2. Create specific goals beforehand.

The relationships you build at industry conferences can lead to collaborations on projects, business partnerships, affiliate partnerships, advice and support, mentoring, and so many other positive things that come along with real human connection. It can be overwhelming to think of all the possibilities, let alone all the content that will be covered at the conference. To counter this, come up with a list of 3-5 specific goals you’d like to work on at the conference before you go.

Some examples of specific goals include:

  •  Learn how to manage my business finances with a particular type of software
  • Make five contacts that will turn into paid partnerships
  • Connect with one app developer

Your goals will be specific to the type of conference you are attending and your personal reasons for attending. Maybe you want to meet three people in your industry that you can collaborate on projects with. Maybe you want to learn a specific skill or learn the steps to becoming certified in something. Whatever it may be, create a list beforehand of things you’d like to achieve at the conference. This will make your time there more intentional, purposeful, and meaningful.

3. Stay at the conference hotel.

Staying at the conference hotel can truly change your experience. You will have sooooo many opportunities to continue networking and making connections after official conference hours. This time can be used to strengthen business relationships and even friendships! You may bump elbows with an important speaker in the elevators. Maybe you run into friends or colleagues you met earlier in the day as you’re walking to your hotel room. Staying at the conference hotel also gives you a convenient location to hide away if you need a nap or need a break from people-ing for a while, because you can just go to your room.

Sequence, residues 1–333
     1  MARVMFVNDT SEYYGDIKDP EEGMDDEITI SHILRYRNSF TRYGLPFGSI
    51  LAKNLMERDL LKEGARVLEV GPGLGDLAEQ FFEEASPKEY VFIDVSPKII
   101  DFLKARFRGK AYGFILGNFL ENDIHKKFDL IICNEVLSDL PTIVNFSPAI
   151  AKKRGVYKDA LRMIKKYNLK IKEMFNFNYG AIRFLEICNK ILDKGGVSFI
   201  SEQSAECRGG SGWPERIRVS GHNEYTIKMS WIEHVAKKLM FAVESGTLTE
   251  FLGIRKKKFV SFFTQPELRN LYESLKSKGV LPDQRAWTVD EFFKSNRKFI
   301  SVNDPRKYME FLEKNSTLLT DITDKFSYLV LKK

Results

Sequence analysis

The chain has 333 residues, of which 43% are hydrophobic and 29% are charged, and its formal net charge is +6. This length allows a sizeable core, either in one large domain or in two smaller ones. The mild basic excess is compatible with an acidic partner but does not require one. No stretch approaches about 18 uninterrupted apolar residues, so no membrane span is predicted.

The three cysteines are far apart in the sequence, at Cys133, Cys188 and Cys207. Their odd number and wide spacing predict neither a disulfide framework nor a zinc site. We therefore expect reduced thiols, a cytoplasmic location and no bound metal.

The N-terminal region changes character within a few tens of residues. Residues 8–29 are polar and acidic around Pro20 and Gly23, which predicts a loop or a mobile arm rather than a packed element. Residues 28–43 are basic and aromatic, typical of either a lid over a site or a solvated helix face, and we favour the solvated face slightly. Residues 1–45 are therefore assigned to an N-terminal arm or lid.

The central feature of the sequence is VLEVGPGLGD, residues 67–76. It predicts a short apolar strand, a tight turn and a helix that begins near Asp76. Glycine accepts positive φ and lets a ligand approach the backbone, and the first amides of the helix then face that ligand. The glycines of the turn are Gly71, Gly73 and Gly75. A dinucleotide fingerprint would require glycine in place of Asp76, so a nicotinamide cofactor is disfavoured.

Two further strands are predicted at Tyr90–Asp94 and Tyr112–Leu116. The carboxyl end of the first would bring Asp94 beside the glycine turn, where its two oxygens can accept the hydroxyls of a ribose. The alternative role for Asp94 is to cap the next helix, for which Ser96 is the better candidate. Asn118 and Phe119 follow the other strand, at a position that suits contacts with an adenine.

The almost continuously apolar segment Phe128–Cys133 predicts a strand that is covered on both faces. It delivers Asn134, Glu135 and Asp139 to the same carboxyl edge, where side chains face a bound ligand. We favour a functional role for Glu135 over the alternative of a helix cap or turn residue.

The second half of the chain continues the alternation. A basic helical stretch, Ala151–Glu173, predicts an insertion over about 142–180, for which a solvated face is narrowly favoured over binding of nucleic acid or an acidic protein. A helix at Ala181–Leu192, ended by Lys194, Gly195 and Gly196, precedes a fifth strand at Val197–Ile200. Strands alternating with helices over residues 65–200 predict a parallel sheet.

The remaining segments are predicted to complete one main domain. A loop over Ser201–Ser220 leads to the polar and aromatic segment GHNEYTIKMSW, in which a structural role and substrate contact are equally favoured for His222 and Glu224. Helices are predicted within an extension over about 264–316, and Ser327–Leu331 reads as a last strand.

I’ve been able to stay at the conference hotel for most that I’ve attended and this has been invaluable. Even with three roommates once, I was able to find time by myself in the room as needed. I was able to easily change clothes or freshen up if I wanted to. I didn’t have to wake up earlier to commute or walk to the hotel, and I didn’t have to carry a backpack with things I needed for the whole day.

Comparing that with the one time I stayed a few blocks away in a rental (a fabulous and lower cost option), the convenience factor of staying at the hotel is huge. While at the rental, I had to wake up earlier to make sure I had time to walk to the hotel. In the humidity and in the Orlando heat during the summer. For a mile. Yeah, good times. I also found myself walking a mile back to my Airbnb late at night a few times (and once in the rain). This was the last thing I wanted to do after a long day when I just needed sleep. To me, the convenience is worth the extra cost.

4. Volunteer.

I’ve been a volunteer at several conferences I’ve attended, and never have I ever regretted it. Often, volunteering will land you a free or reduced-price ticket (like when I volunteered at the All Ohio Counselors Conference as a grad student and got to attend for free). Volunteering also looks good on a resumé and helps you meet others in the field at the conference (networking without even trying!).